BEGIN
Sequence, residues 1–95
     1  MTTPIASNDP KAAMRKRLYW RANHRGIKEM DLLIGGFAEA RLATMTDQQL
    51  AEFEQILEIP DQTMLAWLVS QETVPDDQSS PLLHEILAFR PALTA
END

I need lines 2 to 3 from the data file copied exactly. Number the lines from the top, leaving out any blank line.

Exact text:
     1  MTTPIASNDP KAAMRKRLYW RANHRGIKEM DLLIGGFAEA RLATMTDQQL
    51  AEFEQILEIP DQTMLAWLVS QETVPDDQSS PLLHEILAFR PALTA